A blow to press freedom: La Prensa in Managua stops circulation due to paper blocking
It joins the political, economic and social crisis in Nicaragua, three months into the elections. Customs withheld key inputs for printing, preventing the newspaper from circulating.
"This is not a closure, we will continue to report," was the headline of the website La Prensa, a newspaper from Managua, on Thursday, Aug. 12, announcing it will stop publishing the printed edition due to lack of paper.
On the first page. the editors pointed out that: "Once again, the Ortega-Murillo dictatorship has withheld the paper from us. As long as they do not release our supplies, we will not be able to circulate the printed edition, but they will not shut us up."
In addition to La Prensa, Hoy, the popular newspaper in the same publishing house, ceased to circulate, leaving the country without newspapers.
Juan Lorenzo Holmann, general secretary of the Board of Directors of La Prensa and Hoy, explained that “the paper we had stored in the warehouse finished and we had to make the decision; As we did not have the raw material, we had to cancel the printing of La Prensa and Hoy. The little paper we had, we used it today and we decided to release La Prensa with eight pages because that was the paper we had.”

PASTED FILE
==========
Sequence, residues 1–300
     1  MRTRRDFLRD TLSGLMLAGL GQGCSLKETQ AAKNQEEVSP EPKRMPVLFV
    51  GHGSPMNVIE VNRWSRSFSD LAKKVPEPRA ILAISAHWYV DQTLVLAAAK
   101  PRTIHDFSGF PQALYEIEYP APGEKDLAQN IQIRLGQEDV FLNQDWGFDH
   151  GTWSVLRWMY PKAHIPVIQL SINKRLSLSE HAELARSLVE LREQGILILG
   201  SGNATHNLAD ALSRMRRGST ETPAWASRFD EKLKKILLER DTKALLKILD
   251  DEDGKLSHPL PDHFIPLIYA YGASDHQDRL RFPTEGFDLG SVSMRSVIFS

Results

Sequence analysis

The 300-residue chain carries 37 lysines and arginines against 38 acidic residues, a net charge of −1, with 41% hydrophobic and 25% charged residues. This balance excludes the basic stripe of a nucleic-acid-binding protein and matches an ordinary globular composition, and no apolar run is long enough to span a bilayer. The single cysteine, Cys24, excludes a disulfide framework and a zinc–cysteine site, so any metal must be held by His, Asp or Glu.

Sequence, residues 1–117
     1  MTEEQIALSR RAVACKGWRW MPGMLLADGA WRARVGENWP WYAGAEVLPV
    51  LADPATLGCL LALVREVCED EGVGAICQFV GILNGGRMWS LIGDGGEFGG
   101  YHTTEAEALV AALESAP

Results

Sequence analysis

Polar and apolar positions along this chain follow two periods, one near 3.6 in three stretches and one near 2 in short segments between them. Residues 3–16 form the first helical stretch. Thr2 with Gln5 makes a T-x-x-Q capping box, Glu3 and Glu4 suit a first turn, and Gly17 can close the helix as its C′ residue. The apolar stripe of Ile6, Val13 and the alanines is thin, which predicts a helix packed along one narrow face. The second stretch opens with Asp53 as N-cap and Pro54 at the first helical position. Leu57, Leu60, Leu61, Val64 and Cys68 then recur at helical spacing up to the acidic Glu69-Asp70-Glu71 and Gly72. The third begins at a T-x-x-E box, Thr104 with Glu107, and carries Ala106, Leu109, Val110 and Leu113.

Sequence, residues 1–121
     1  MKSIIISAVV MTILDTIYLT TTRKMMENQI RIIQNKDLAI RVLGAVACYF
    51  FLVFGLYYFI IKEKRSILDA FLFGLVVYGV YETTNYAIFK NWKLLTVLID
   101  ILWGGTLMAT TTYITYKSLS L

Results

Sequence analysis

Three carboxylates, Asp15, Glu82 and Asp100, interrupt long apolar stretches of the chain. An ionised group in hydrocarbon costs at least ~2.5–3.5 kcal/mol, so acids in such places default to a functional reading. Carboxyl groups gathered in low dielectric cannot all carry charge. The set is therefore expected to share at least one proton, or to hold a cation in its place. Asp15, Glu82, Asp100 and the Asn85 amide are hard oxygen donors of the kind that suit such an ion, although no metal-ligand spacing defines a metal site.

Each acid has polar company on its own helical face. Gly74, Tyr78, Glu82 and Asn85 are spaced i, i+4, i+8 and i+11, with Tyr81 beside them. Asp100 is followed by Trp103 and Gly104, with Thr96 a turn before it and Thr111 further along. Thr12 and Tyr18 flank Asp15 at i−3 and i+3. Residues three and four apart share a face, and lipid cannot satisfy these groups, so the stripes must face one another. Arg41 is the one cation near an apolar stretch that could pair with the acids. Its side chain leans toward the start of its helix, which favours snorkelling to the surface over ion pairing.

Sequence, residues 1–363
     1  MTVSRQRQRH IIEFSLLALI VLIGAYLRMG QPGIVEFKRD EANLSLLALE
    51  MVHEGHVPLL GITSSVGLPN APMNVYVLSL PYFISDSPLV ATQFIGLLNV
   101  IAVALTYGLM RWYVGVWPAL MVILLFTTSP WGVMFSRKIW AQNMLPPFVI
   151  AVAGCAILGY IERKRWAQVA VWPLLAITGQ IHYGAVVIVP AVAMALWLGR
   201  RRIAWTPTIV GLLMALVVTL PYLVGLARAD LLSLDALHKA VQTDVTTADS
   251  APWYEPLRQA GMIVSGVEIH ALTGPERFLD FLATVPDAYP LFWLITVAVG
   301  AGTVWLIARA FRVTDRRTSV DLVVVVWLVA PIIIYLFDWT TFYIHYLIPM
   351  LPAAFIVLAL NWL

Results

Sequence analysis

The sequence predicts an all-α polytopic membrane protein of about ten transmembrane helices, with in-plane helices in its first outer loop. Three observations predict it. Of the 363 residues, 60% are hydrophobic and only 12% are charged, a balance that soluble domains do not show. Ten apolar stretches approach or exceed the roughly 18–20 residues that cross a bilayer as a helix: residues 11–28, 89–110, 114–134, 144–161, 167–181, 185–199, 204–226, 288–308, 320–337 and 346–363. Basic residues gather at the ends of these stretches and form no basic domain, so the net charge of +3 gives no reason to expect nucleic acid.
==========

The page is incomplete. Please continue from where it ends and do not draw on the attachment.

The case of La Prensa is another act of pressure by the government against the opposition to leave the field open for Ortega to be reelected in the November elections. Seven other presidential candidates are imprisoned, in addition to 25 other opposition politicians.
It is not the first time the Ortega government has blocked La Prensa, but it is new that it prevents the paper from circulating.
For almost 17 months, between 2018 and 2020, the General Customs Directorate imposed an embargo on supplies necessary for the publishing industry. As a result, the newspapers El Nuevo Diario and Q'Hubo disappeared. The economic crisis for those who survived was enormous because they had to lower circulation and the number of pages printed.
The Inter-American Press Association (IAPA), which brings together several of the most important newspapers in the region, reacted by questioning the asphyxiation of the Ortega government against the media.
Jorge Canahuati, president of the IAPA, condemned the embargo in a statement: "The hostile attitude and anti-freedom of the press of the Government of Daniel Ortega and Vice President Rosario Murillo, who are betting on economic suffocation and continuous attacks against journalists and the media."
During the Ortega government, in power since 2007, at least 20 media outlets have disappeared.
La Prensa was a victim of the Somoza dictatorship, which even cost the life of Pedro Joaquín Chamorro, its director, on Jan. 10, 1978. A year and a half later, on July 19, 1979, the Sandinista Front of National Liberation (FSLN) overthrew Anastasio Somoza and ended 42 years of dictatorship.
Allies then, the Chamorros and Daniel Ortega, a member of the FSLN, are on different shores today.